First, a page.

During short resting places there was no time for photo sessions: it was better to have time to drink and rinse in a hurry.
The second lyrical digression – about hygiene: for me it was quite a serious question, since the experience with long, multi-day hikes I had no, and two or three-day sorties with a tent to the sea does not count. As a result, the problem did not arise at all. It’s paradoxical, but: in a hike after a couple of days of physical exertion, many times poured sweat from head to toe, do not feel wildly dirty, do not smell and do not stick as much as after a day in town. And there’s no “crow’s nest” on your head the next morning. I do not know how to explain it, but it’s a fact. Yes, and icy water in mountain rivers, when you really want to rinse, not so cold as at home in the faucet 🙂 The only thing that really needs to be changed more often are the socks, but they are small and light, they are not a problem to stock up and wash.
Luckily, it is possible to take pictures at the bivouacs. While people are rushing happily to the nearest stream for water procedures, you have time to snap photos of our camp, and the campfire, and even the local fauna. Nevertheless, I was too lazy to run around and choose artistic angles with trembling hands, so, the whole picture report turned out to be strictly reportage.
I’ve made my own mistakes and I strongly recommend to all amateur photographers: don’t make the same mistake and don’t take long lenses to the mountains (unless you have a lot of portraits and floral-nascent macro). A widebar, and only a widebar, from 17 on a crope (or from 24 on FF), no other way. Preferably with a polarizing filter.
The third day – passing by the shrubby ruins of the Genoese fortress in the village of Gedelme (Gedelme), by the immense two-thousand-year old plane tree – still up into the mountains (I will not dwell on the detailed analysis of these sights: the description of the route exhaustively tells about them). Our goal is sparkling snowy peak Tahtali (Tahtalı Dağı, 2365 m). Passing day by day gets easier and easier in spite of increasing load: the fourth day – about 18 km with the set of 900 m. The body adapts… 😉
The cramped but comfortable camp was organized, perhaps, for our third overnight stay. Water is close at hand, the altitude is about 900 meters above sea level, and the cold is not felt yet.
However, the camp of the fourth day definitely outshone all the previous ones in its beauty. In a picturesque hollow, at the foot of powerful Lebanese cedars, with an excellent view of the Tahtali a.k.a. Olympus, as well as the no less photogenic surroundings.
Well, there is a price to pay for the enchanting views. The altitude of ~1800 meters above sea level – even in May, in the subtropics – means that by morning the air temperature will drop to 6-8 degrees Celsius, and literally a hundred meters from the bivouac there is already snow. We have to cram into the tent. Judging by the state of the tent one may suspect that the Everest pioneers Hillary and Norway had been using it, but alas there is no other choice: the sleeping bag is summery, and you will be freezing to death under the tent before morning. No sleep, half-bent legs but you have to wait till morning alive 🙂 As our next overnight stop will be much lower, again in warmth and outdoors.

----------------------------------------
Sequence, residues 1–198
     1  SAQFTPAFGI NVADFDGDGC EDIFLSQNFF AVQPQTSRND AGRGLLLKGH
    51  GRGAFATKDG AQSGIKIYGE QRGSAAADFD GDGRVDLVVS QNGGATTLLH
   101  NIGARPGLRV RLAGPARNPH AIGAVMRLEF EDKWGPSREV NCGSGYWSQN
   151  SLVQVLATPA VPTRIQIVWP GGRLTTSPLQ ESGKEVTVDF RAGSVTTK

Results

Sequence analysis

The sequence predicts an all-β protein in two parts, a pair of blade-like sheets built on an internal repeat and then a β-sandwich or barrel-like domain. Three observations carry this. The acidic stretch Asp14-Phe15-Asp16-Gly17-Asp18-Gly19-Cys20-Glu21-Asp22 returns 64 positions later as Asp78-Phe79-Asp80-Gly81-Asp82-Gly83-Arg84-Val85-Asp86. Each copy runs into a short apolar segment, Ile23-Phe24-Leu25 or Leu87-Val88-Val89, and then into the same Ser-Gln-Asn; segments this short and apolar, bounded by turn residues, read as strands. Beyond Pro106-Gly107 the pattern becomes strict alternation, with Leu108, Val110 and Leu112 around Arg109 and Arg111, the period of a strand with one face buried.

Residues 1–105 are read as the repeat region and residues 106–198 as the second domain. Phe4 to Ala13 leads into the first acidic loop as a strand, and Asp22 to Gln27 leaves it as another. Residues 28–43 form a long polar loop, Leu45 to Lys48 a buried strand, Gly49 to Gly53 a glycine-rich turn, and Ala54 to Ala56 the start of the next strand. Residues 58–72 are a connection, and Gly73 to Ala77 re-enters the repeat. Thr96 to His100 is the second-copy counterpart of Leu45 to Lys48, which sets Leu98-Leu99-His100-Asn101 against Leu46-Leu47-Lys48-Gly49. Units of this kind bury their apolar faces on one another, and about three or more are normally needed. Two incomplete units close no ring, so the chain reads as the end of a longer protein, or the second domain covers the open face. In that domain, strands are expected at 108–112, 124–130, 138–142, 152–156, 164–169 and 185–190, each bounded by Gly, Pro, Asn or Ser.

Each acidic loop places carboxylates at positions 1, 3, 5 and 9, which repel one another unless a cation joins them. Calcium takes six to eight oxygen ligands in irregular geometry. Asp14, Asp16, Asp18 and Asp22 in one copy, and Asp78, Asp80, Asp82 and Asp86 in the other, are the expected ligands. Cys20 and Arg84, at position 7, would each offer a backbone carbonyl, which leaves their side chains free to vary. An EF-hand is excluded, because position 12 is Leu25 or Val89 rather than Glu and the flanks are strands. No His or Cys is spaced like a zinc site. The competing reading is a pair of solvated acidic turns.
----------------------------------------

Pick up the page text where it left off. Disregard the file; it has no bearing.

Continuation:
In the morning we hide our backpacks in the rocks and rush to the summit without delay. Unfortunately, Tahtaly, like so many of its larger brethren, has a capricious disposition when it comes to the weather. We got a little winded in the morning and were too late to start the ascent. By the time we reached the summit, we could see through wisps of fog but only half an hour later everything was covered with dense milk. I sincerely sympathize with the groups that went to the summit even later: they obviously could not see anything.
Exhausted from the climb up the slippery and wrong slopes, exhausted, but happy, tourists rush in a noisy crowd to the cable car station, which is nestled on the very top. It looks wild and unusual there are cozy leather sofas, a souvenir shop, a coffee machine, sandwiches and beer… BEER! Even though it was the most expensive beer I have ever tasted in my life – 14 YTL for a small glass ($7/0.33 l), it was also the most delicious.
The only thing confusing: how Turks managed to keep their Efes so warm at the very top, among the endless snows…? 🙂
We take a photo, pile down the trail to our “Base camp” to get our backpacks – and continue downhill to a village with the funny name Beycik. Down there we find warmth, cars, people, store, food and the same Efes, but cold and three times cheaper, so even a sudden rain can’t spoil our mood…
From Beycik to the next village, Ulupınar, the road is a fairy tale. Lemon and orange trees again remind us that we are in the subtropics, cheerful black scorpions scattering cheerfully from under our feet, May bugs buzzing vividly in the springtime. In Ulupynar we have lunch, and those who wish can enjoy it in a glamorous restaurant on the waterfalls (freshly fried Forel, Russian-speaking visitors and Parisian prices are included). Overnight stay is also good: warm, the rain is over, the wind has calmed down, nearby there is a rough icy brook, in which (having dispersed goats and sheep which came to drink) one may get drunk, bathe and make a small wash. Ecstasy!